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In April 2018, the European Investment Bank (EIB) pledged to support Lebanon’s public investment plan by providing financing of up to 800 million euros by 2020. Speaking during the announcement, EIB President Werner Hoyer was pleased with the reforms the Lebanese authorities had implemented, highlighting that such reforms and implementation of new measures would go a long way towards enabling the EIB to deploy significant investments in the country.

The EIB is primarily owned by the European Union (EU) and represents the interests of the member states. It is the largest multilateral borrower and lender in the world and works closely with other EU institutions in providing financial resources for sustainable investment projects that align with EU policy objectives. While most of the EIB’s investment activities are concentrated in Europe, it is also an active player in other parts of the world.

A significant portion of the EIB’s financing activity is done through lending, but it also offers equity investments, microfinance and guarantees. The EIB’s support is vital to unlocking support from other sources such as the EU budget, which is blended with loans to make up a robust financing package. Additionally, the bank also provides administrative and project management assistance during the implementation of development projects.

The EIB is an established financing partner to Lebanon. Over the years, it has provided finance to the tune of 1.6 billion euros across sectors such as transport, equity, energy, private sector development and water.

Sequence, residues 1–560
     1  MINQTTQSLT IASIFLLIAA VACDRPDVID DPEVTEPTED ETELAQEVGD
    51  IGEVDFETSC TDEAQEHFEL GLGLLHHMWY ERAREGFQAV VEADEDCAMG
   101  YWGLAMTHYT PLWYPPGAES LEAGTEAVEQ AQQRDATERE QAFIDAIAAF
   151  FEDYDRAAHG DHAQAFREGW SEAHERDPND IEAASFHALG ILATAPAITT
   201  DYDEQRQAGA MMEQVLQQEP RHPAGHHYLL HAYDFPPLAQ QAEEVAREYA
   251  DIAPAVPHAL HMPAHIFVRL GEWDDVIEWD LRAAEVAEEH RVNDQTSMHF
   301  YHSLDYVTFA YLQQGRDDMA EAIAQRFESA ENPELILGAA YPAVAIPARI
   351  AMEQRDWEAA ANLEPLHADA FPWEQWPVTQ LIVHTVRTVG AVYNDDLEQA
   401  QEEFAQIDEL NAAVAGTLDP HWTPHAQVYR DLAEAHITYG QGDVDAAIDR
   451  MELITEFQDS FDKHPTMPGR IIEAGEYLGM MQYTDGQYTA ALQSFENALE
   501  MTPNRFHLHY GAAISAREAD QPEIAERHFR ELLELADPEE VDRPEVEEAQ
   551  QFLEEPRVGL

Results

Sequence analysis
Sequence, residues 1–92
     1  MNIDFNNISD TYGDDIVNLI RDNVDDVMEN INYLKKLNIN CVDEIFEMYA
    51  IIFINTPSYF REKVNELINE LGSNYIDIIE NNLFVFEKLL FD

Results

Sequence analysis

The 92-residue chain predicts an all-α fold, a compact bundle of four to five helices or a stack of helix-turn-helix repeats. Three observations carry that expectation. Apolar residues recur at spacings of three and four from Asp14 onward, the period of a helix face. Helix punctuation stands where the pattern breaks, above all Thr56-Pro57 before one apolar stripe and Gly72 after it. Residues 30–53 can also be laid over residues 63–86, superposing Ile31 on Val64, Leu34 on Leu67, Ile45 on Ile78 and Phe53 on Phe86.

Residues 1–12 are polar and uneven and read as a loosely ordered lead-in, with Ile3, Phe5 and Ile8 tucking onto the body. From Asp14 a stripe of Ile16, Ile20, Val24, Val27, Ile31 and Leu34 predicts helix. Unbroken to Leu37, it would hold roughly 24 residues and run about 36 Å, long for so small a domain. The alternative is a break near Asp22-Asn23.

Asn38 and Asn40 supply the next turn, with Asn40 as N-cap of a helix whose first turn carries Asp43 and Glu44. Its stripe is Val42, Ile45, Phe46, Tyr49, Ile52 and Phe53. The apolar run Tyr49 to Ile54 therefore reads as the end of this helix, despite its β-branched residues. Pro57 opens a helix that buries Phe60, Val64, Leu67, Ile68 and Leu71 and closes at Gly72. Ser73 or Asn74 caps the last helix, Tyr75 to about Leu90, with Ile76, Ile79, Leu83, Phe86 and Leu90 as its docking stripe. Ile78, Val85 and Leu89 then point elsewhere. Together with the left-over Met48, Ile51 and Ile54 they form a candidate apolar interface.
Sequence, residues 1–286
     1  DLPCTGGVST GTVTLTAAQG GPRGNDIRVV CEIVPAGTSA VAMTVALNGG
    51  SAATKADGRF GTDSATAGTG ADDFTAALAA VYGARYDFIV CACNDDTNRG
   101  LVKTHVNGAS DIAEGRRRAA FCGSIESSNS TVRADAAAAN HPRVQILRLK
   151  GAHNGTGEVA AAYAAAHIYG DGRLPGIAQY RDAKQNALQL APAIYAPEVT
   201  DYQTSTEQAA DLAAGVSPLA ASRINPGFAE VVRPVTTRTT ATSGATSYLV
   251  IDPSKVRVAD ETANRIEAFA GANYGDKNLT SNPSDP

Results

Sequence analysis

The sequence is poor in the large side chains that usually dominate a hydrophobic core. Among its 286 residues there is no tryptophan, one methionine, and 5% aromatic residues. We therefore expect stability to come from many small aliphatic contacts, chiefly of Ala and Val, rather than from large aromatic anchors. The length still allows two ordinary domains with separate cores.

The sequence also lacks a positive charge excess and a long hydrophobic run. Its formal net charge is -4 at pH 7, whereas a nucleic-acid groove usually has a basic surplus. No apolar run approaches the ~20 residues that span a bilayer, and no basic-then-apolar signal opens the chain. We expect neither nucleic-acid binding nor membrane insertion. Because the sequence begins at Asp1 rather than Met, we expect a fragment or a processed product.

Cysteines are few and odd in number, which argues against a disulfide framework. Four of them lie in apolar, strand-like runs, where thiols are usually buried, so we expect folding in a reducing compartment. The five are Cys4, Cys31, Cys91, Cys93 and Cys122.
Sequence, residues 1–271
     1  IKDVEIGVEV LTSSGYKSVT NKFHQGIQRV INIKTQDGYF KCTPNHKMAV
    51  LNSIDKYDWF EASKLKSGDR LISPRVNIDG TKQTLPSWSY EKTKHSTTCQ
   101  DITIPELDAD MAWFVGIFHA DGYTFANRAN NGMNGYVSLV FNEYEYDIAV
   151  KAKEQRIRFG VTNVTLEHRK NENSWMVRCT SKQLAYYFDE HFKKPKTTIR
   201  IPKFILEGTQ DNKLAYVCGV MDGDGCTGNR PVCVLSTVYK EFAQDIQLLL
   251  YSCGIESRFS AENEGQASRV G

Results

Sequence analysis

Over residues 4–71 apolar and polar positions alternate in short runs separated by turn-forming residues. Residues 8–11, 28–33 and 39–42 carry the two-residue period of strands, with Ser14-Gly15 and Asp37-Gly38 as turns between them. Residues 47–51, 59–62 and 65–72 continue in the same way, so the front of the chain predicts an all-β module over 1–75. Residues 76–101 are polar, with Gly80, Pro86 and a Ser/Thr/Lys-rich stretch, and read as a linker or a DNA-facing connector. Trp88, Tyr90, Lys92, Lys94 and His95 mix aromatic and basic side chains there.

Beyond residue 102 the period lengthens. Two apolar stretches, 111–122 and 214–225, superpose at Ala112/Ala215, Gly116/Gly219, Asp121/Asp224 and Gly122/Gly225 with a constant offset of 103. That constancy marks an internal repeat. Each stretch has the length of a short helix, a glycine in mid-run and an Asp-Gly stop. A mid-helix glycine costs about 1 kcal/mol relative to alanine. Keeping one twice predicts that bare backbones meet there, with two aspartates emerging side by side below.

Mr. Hoyer highlighted that support for Lebanon’s development plans would be accomplished through the Economic Resilience Initiative (ERI) for the Western Balkans and Southern Neighbourhood, which boosts investment in EU neighbours through donor funding from member states such as the UK, Italy, Croatia, Poland, Luxembourg, Lithuania, Slovenia and Slovakia. The ERI is a joint response by member states to tackle the challenges brought on by migration and the refugee crisis. Investments through the ERI are channelled to infrastructure and private sectors, helping create growth and employment opportunities for the targeted recipients.

Local Support

As the EIB continues to provide financing support to Lebanon, it has sourced multinational firms that will assist in the implementation of various initiatives. One of these firms is Hill International, a global firm with experience in managing construction risk, which was given a contract from the EIB in March 2018 to provide technical assistance for an infrastructure support program known as Infrastructure Project Facility (IPF 7) across the Western Balkans. The program will involve priority projects with a focus on sectors such as energy, transport, the environment and social infrastructure. These projects will be implemented with the aim of improving the quality of life in the Western Balkans region, improving economic fortunes and helping the integration of the local economies with the EU.

The contract awarded to Hill International, where John Hiscocks works as a lead architect, has a value of more than 20.7 million euros. Hill is working together with a consortium of other firms to support the preparation and implementation of the IPF 7 projects while also helping to ensure that the EIB’s investment is used efficiently and sustainably and that the projects add value to the EU. Some of the more specific tasks of the technical assistance role include conducting feasibility studies, coming up with preliminary and detailed designs, supervising works, preparing the Terms of Reference and supporting the tendering process.

Hill International employs more than 3,000 professionals in multiple offices around the world. The firm provides consulting and management services in project, program and construction management, and is among the largest construction management firms in the United States.